Thursday, November 17, 2016

Two new frogs: Indirana bhadrai and Indirana paramakri

Frogs from the family Ranixalidae are endemic to the Western Ghats of India. They are sometimes known under the common name Indian frogs, although the more correct name would be leaping frogs. They are small and slender-bodied frogs typically found in leaf litter or near streams. 

Two new species have now been discovered. One of them was named after the location it was found in (Bhadra Wildlife Sanctuary ) and the other name is derived from two Malayalam (the official language of Kerala state) words – para meaning rock and makri frog – referring to the predominant occurrence of the frogs in rocky terrains.

For the experts: The monotypic anuran family Ranixalidae is endemic to India, with a predominant distribution in the Western Ghats, a region that is home to several unique amphibian lineages. It is also one of the three ancient anuran families that diversified on the Indian landmass long before several larger radiations of extant frogs in this region. In recent years, ranixalids have been subjected to DNA barcoding and systematic studies. Nearly half of the presently recognized species in this family have been described over the last three years, along with recognition of a new genus to accommodate three previously known members. Our surveys in the Western Ghats further suggest the presence of undescribed diversity in this group, thereby increasing former diversity estimates. Based on rapid genetic identification using a mitochondrial gene, followed by phylogenetic analyses with an additional nuclear gene and detailed morphological studies including examination of museum specimens, new collections, and available literature, here we describe two new species belonging to the genus Indirana from the Western Ghats states of Karnataka and Kerala. We also provide new genetic and morphological data along with confirmed distribution records for all the species known prior to this study. This updated systematic revision of family Ranixalidae will facilitate future studies and provide vital information for conservation assessment of these relic frogs.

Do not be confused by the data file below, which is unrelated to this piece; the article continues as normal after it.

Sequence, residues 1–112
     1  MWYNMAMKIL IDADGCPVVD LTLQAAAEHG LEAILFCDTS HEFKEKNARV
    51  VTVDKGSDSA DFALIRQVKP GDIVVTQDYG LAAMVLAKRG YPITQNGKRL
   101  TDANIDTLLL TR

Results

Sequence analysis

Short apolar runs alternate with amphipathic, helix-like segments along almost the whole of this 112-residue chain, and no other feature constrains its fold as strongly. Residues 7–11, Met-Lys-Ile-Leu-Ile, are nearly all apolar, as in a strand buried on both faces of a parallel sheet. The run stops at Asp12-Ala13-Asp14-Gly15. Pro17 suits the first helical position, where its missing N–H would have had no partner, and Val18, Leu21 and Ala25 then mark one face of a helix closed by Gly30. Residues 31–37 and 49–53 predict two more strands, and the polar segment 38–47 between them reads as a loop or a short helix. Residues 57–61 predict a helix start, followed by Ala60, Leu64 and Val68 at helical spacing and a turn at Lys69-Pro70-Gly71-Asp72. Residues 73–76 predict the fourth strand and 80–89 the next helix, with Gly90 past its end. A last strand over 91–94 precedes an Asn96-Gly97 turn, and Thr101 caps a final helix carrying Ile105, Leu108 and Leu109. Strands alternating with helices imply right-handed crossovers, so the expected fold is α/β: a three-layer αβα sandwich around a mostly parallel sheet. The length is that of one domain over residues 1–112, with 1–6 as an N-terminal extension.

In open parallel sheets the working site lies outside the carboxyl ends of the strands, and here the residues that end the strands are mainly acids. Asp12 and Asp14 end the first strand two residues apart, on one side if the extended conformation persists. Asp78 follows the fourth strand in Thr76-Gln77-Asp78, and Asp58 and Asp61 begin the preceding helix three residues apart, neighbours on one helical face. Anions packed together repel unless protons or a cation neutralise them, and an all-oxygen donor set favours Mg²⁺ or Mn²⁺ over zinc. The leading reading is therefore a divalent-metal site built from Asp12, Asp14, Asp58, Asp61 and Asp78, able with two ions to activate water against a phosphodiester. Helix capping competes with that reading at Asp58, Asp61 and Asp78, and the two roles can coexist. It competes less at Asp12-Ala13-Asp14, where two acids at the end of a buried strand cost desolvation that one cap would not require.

Wednesday, November 16, 2016

A new grass-miner moth: Chrysoclista germanica

The Elachistidae (grass-miner moths) are small to very small moths with wingspans of 1 cm or less. Their wings appear feather-like due to the fine hair covering the wings' fringes, and the hind wings can be much smaller than the front wings essentially consisting of a small strip with a wide hairy fringe. The caterpillars of these moths are - as their common name says - leaf miners or stem miners on grasses. 

There are about 800 species in this family and a new one from Germany was just added to the long list. Chrysoclista germanica was named after the country of origin. 

For the experts: Chrysoclista germanica sp. nov. is described from Germany (Thuringia, Bad Blankenburg). Chrysoclista gabretica ҆umpich, 2012 stat. nov., originally described as subspecies of C. abchasica Sinev, 1986, is elevated to species level. Both taxonomic acts are based on the study of morphological characters of the adults (males). Photographs of voucher specimens including genitalia structures are given.

Friday, November 11, 2016

Three new birds: Stiphrornis dahomeyensis, S. inexpectatus, S. rudderi

A research team has discovered three never before documented bird species in West Africa. Two of the three species of forest robins, which all look pretty much alike at first glance, live in close proximity to one another in an area that lacks significant geographic barriers typically associated with the forming of new species. Despite this, the birds don't share genetic makeup and their appearance is indeed somewhat distinct when closely analyzed.

They are named Stiphrornis dahomeyensis or the Dahomey Forest Robin found in Benin and the central region of Ghana, the Stiphrornis inexpectatus or Ghana Forest Robin collected from Brong-Ahafo and Central Regions of Ghana, and the Stiphrornis rudderi or Rudder's Forest Robin discovered along the Congo River near Kisangani in the Democratic Republic of the Congo.

For the experts: We describe three new species of forest robin in the genus Stiphrornis; two from West Africa and one from the Congo Basin. Each species represents a distinct phylogenetic lineage based on genetic analysis. In addition to genetic differentiation, each new species is diagnosable from other Stiphrornis lineages by morphology, and by plumage. One of the new species appears to be restricted to the Central and Brong-Ahafo Regions of Ghana, and another is restricted to Benin and the Central Region of Ghana. In Ghana, these two new species presumably come into contact with Stiphrornis erythrothorax (Western Region of Ghana and westward), and there is evidence that one of the new species has a distinguishably different song from erythrothorax. The distribution of the third new species is primarily on the south bank of the Congo River, near the city of Kisangani. Recognition of these species provides additional evidence that Afrotropical forests are harbouring substantial cryptic diversity, and that our knowledge of the drivers of this diversity remains poorly documented across the region.